Robert Lowell, Sylvia Plath, Theodore Roethke, Anne Sexton and W.D. Snodgrass — these names represent some of the most prominent figures in American poetry during the mid-20th century. Poet-in-residence Andrew Mulvania plans to link them all together with his Brown Bag lecture, called “The Kaleidoscopic Self: The Autobiographical Sequence” at 12:15 p.m. today on the front porch of the Literary Arts Center at Alumni Hall.
The Chautauqua Writers’ Center workshops for Week Five will center on heightening emotions, the basics of poetry and playwriting.
Gaze backward into the gaping maw of time, and be sure to make it personal.Stephen Haven thinks it can help create a better poem.
Poet Shara McCallum thinks there’s a wave of fear sweeping through society.
Jim Daniels brings a group of this year’s winners to Chautauqua to share and discuss their writing. The presentation will take place at 12:15 p.m. today at the Literary Arts Center.
Daniels will channel his enthusiasm for inter-arts collaboration into his Brown Bag lecture, “Taking Writing Off the Page,” at 12:15 p.m. on the Literary Arts Center at Alumni Hall porch. Daniels’ lecture will focus on how writers can connect their work with other art forms and how they can use technology to aid that collaboration.
Like most children, Rick Hilles’ mother read to him at a young age, but few consider that experience to be archetypal.
Hilles, poet-in-residence for Week Nine, compared reading and writing poetry in his life to a newborn drinking his or her mother’s milk — they are vital nutrients in surviving.
Hilles, an assistant professor of English at Vanderbilt University, will present a Brown Bag lecture, “On Poetry and Sustainability,” at 12:15 p.m. today on the Alumni Hall porch.
obert Frost once said free verse is like playing tennis without a net.
Gabriel Welsch, poet-in-residence for Week Eight, will keep that in mind during a Brown Bag Lecture, “Finding the Net: The Urge for Order in Contemporary Poetry” at 12:15 p.m. today on the Alumni Hall porch.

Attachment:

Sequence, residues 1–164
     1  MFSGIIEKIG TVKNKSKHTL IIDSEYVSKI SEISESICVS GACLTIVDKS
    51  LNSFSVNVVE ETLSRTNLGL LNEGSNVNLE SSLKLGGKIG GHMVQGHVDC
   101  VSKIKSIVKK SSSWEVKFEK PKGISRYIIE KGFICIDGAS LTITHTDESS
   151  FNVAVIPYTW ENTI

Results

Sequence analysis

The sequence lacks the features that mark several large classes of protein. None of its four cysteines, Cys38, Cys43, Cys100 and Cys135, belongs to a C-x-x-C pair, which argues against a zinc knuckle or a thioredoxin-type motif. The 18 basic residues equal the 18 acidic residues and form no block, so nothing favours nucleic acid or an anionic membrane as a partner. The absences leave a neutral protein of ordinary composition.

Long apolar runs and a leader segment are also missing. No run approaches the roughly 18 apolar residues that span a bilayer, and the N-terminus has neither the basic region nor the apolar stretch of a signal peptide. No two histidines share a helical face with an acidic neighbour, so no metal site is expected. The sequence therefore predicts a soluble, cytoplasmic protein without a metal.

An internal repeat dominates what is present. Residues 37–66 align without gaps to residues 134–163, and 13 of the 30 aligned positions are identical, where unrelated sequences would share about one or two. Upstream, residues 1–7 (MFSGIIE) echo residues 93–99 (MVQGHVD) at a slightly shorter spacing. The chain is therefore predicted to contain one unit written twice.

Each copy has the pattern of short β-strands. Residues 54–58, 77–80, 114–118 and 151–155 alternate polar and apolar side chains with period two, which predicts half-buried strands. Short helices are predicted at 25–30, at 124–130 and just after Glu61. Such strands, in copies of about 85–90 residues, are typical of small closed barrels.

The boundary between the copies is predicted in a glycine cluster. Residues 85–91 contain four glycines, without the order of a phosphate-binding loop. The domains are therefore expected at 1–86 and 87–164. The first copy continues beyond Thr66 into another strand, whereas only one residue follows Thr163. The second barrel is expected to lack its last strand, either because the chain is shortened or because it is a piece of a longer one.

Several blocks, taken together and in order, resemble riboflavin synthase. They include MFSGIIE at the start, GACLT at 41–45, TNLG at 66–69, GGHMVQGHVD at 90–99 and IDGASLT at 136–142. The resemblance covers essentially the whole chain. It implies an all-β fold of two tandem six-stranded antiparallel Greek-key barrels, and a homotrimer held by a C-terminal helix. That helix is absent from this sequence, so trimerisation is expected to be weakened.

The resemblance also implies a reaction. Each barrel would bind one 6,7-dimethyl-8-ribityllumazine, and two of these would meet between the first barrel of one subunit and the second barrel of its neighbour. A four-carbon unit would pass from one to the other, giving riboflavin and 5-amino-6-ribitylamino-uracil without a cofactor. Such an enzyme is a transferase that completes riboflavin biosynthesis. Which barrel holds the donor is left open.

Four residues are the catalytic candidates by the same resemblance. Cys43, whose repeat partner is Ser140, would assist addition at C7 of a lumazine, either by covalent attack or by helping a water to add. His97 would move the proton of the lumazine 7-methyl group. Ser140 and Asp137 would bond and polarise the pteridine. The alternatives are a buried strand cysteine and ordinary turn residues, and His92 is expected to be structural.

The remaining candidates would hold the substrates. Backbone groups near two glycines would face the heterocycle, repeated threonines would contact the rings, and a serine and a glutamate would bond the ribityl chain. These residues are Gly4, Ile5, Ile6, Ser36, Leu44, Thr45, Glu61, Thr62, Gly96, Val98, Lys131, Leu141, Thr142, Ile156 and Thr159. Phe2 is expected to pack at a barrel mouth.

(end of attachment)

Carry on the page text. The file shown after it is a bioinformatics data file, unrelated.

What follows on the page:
His lecture will focus on how contemporary poets have come of age in a time when there are not as many dominant modes to work with — as a result, poets tend to work in “received forms,” which already exist.
Poet-in-residence Julia Kasdorf will present a Brown Bag lecture, “Metaphor, the Artful Lie,” at 12:15 p.m. today at the Alumni Hall porch.
Kasdorf, whose poems have won a National Endowment for the Arts poetry fellowship and a Pushcart Prize, said she often returns to metaphor in her own writing and will examine how language can deceive readers and reveal truth.
“I’m going to be talking about metaphor as a principle that structures our thought, and as the basis of poetic imagination, and as a way of thinking that is not literally accurate as we think of it,” Kasdorf said.
Joan Murray was traveling on an Amtrak train a few days after Sept. 11, and as it headed to New York City, she felt “gripped by sorrow, fear and uncertainty about the future.”
She ventured to the cafe car for a coffee and noticed a group of men. Their clothing was casual, but their demeanor had a sense of mission.
It dawned on her that they were firefighters, which they confirmed when she asked, and they were on their way “to dig” at ground zero.
“I hope you find some survivors,” Murray said.
She went back to her seat and wrote “Survivors — Found.”